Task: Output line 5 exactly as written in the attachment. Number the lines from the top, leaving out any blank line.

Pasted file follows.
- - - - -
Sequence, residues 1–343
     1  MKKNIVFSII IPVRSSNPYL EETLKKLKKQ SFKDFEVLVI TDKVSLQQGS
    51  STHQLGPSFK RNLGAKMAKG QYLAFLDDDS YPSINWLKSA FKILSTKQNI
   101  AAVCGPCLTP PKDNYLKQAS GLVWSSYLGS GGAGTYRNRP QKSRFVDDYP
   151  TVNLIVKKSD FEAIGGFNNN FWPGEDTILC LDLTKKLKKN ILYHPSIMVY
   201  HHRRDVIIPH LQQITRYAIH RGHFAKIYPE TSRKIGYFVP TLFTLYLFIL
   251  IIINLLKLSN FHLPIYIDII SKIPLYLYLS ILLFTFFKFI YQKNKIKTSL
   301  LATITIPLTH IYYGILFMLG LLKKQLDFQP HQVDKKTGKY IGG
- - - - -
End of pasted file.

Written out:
   151  TVNLIVKKSD FEAIGGFNNN FWPGEDTILC LDLTKKLKKN ILYHPSIMVY